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P. Vashist, G. V. S. Murthy, R. D. Ravindran, T. Krishnan, G. Maraini, M. Camparini, K. E. Fitzpatrick, N. John, A. E. Fletcher, U. Chakravarthy; Prevalence of Lens Opacities in India: The INDEYE Study. Invest. Ophthalmol. Vis. Sci. 2008;49(13):2868.
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To describe the prevalence of lens opacities in older people in India.
People aged 60 years and older identified using random cluster-sampling in 2 study centres in north and south India, attended an eye examination. Digital images of lens opacities were graded by type and severity using the Lens Opacity Classification System III (LOCS III). Any cataract was defined as LOCS III ≥4 nuclear, ≥3 cortical and ≥2 posterior subcapsular, or dense ungradeable opacities or previously operated.
2821 people (79% response rate) in north India and 3079 (78%) in south India attended an eye examination. The prevalence of any cataract was 73.6% (95% CI 72.0 - 75.2) and similar in the two centres (p=0.2). Type of cataract differed in prevalence between the centres: nuclear 60.0% (95% CI 56.9-63.1) in north India, 48.0% (95% CI 44.8-51.2) in south India; posterior subcapsular 26.5% (95% CI 24.4-28.5) in north India, 21.7% (95% CI 19.5-23.8) in south India; cortical 9.6% (95% CI 8.0-11.2) in north India and 12.8 % (95% CI 11.3-14.3) in south India. Prevalence of any cataract rose with age (54.9%, 95% CI 52.0-57.8 age group 60-64 years; 90.3%, 95% CI 88.9-91.8 age group 70 years and older, p<0.001) and was higher in women than in men (76.7%, 95% CI 74.9-78.5 women; 70.1%, 95% CI 68.0-72.1 men, p<0.001). Similar patterns with age and gender were observed for each type of cataract.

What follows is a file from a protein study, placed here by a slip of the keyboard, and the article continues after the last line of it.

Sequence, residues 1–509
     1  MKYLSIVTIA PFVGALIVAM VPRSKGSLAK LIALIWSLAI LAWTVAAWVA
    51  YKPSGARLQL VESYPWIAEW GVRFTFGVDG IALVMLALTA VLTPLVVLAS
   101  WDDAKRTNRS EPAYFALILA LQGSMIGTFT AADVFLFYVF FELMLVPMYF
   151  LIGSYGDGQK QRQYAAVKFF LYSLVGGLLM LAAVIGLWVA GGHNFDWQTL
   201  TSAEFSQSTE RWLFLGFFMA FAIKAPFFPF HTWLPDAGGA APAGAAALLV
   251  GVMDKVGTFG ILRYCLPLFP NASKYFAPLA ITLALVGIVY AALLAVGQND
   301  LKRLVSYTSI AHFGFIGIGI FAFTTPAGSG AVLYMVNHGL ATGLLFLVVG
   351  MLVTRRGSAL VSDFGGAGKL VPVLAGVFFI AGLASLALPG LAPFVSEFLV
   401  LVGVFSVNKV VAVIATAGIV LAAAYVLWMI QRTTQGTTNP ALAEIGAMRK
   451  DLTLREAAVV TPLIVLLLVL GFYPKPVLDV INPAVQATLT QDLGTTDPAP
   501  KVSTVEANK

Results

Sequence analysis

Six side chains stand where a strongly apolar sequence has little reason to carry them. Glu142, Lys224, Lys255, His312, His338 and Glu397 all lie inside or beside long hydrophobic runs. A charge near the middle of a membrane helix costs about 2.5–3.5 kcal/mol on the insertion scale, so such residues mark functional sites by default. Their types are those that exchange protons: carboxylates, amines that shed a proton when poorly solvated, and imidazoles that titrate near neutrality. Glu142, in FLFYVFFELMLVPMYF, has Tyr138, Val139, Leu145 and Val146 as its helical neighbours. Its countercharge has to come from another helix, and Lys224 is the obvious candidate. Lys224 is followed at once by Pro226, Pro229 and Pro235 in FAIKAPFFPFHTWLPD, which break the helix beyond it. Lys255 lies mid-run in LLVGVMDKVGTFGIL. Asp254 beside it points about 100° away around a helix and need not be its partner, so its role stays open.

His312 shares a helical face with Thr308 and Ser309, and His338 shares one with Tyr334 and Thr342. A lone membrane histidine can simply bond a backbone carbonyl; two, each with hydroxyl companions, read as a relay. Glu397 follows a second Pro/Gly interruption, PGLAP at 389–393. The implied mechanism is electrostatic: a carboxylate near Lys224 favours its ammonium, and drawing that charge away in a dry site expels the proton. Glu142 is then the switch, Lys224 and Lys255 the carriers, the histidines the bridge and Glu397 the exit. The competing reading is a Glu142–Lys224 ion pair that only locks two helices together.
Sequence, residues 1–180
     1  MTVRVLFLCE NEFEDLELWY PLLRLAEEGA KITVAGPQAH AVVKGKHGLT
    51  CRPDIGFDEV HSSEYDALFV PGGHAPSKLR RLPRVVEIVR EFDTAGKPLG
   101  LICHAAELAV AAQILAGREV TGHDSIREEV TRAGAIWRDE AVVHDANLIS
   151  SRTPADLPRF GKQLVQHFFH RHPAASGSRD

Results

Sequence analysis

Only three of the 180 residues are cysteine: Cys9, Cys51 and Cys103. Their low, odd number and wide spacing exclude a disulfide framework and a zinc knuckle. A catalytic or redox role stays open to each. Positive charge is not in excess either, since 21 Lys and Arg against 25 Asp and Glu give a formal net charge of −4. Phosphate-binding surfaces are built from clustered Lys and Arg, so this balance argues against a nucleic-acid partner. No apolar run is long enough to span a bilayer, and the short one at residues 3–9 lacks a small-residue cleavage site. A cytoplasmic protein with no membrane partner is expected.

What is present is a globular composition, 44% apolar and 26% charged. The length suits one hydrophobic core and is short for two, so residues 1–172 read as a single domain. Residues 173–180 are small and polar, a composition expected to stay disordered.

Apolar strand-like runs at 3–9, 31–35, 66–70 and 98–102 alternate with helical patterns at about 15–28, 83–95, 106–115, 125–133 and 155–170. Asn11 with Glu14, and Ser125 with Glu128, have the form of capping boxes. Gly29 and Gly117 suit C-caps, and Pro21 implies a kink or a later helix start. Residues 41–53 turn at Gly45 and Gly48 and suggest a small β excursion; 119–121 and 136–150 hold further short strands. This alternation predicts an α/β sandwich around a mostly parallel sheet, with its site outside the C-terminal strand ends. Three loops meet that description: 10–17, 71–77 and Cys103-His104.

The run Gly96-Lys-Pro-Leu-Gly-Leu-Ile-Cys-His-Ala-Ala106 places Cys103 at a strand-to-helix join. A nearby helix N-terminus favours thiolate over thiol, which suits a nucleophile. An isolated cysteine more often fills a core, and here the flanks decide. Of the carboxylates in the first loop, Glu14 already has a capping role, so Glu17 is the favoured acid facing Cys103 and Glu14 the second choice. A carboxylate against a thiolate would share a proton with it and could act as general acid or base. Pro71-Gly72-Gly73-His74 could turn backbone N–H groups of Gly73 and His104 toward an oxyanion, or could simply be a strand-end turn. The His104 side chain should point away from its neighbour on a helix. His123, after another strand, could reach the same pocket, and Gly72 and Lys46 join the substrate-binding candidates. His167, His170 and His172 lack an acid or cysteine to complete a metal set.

Cataract prevalence, especially posterior subcapsular cataract, is very high in older Indians compared to comparable age groups in western populations.
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